Let’s face it, the job market is a cruel, relentless and unforgiving place.
Maybe that’s an exaggeration, but it does feel like a battlefield out there, doesn’t it?
Getting shortlisted for an interview seems like a daunting task nowadays and when the phone finally rings, you don’t want to mess it up by saying or doing something you will regret. Trust me – nothing worse than the feeling of regret, hoping you had the power to turn back time.
We were all young before, and no one discussed this back in school so there came a point in time where I haphazardly went on with my job application, totally clueless of what I was doing.
There I was, excitedly waiting for my interview, all dressed up – ready to charge head-on, focused and determined. Unfortunately, I said the worst and needless to say, I lost my chance and didn’t get the job. Some thoughts are best to keep to yourself – especially when your future job is on the line.
Lucky for you! If you are reading this or taking advice from professionals who are expert in this field – job search coaches, hiring managers, and recruiters – heed our advice, and don’t be like me who blew so many opportunities just because I said the wrong thing.
Before I list down my tips, let’s establish that an interview isn’t only where you should be cautious. Emails, phone calls and even text messages can be a source of embarrassment.
Ok, without further ado, here are my top 5 worst things to say during an interview.
It’s not a bad thing to aspire to be a business owner someday, but an interview just might not be the right time to bring this up.
This might be the most damaging thing to say as a candidate, as it gives out the impression that you view the position as a stepping stone or a springboard to your future venture. During your interview, employers check your interests of why you’d like to join their company. If business aspirations are brought up, employers might think that you’d probably not stay around, or you are not motivated enough to work.
This might be specifically meant for me, but the idea applies to everyone.
Just a tiny backstory, having both experiences in HR and Recruitment, during an interview I always tell people that I am open to both. Unknowingly this is hurting my chances of landing a job and here is why - HR is different from recruitment, it’s like saying that marketing is different to sales.
Though they may be categorised in the same field, the roles are different. The expertise needed to function as a subject matter expert in HR is different from a recruitment specialist. And so, in my example, when you don’t have a focus on what job you are after this might give the employers the impression that you don’t know what you are applying for very well. This also gives away that you haven’t done your industry research and how each sector operates.
Before I became a recruiter, I said this a lot, and it was just because I was just too lazy to think of a different way to open my sentences.
Don’t do this.
Now that I’ve been involved in the recruitment process, every time I hear this from a candidate, I can’t help but think that the candidate is saying that I haven't read their CV.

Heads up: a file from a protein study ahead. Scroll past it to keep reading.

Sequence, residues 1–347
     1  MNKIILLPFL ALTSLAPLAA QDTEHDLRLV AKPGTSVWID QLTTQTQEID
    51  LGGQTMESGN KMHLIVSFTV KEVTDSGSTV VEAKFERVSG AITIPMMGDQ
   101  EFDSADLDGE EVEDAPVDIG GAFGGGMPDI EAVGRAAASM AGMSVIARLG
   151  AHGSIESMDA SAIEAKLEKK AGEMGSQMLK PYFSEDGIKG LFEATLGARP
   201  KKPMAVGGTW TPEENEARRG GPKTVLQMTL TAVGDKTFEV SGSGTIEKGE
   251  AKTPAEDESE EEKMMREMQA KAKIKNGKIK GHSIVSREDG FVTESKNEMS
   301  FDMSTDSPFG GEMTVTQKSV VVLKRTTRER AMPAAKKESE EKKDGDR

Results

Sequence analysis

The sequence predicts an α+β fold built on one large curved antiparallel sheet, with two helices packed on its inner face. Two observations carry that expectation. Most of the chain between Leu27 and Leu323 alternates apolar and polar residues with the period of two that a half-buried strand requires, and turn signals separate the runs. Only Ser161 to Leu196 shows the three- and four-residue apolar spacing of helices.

In fact, for most of the questions we throw out in the interview, most of them are answerable by your CV, but we ask questions because we want to hear it from you and how well you understood your role fits with the application. There also might be cases where we need you to elaborate further on what is written in your CV.
This depends on the context of how the topic was brought up and how the candidate delivers this message, but generally speaking, job seekers often think that by voluntarily giving this information, they feel that it’s leverage to encourage the employer to move faster or offer you the job right away.
Only employers who are not confident in their ability to find another candidate might fall for these, but by a long shot. If you have been offered a role, you shouldn’t be attending an interview without telling your employer in the first place. The best way to tell them is before an interview.
If an offer was made on the same day as your interview, or during your interview... explain to your interviewer the situation and make it clear that you are telling them about the offer as a gesture of courtesy. Make it clear that you are in no way using this information to negotiate.
This can be very tricky to pull off, so if you are unsure please consult with a professional job search coach.
Finally, the top one on my list and the most hated thing that a recruiter wants to hear from a candidate. (Sadly, I said this a few times in the past... but let’s learn from my mistake)
Why is this bad? One of the biggest mistakes an interviewee can make is going into a job interview with no clue as to why they want to work for the company.
Employers are drawn to candidates who can show how their values and goals align with their own. Employers don’t want to hire someone who is just looking to make a quick buck. You want to be motivated and energized to take on a role and this answer just doesn’t demonstrate it.
There would be a lot more of these but I’ve just thought to compile the top 5. The key secret to a successful interview is preparation.
The more you prepare and research about the job search process the more you build the knowledge of what you need to do, and need to not do, in an interview.
If you find this confusing, asking someone to review your answers or seeking professionals to help you with your job search will be a worthwhile strategy. Job Search coaches are professionally trained to spot errors that you most likely not see for yourself.
I hope this helps and all the best in your job applications.
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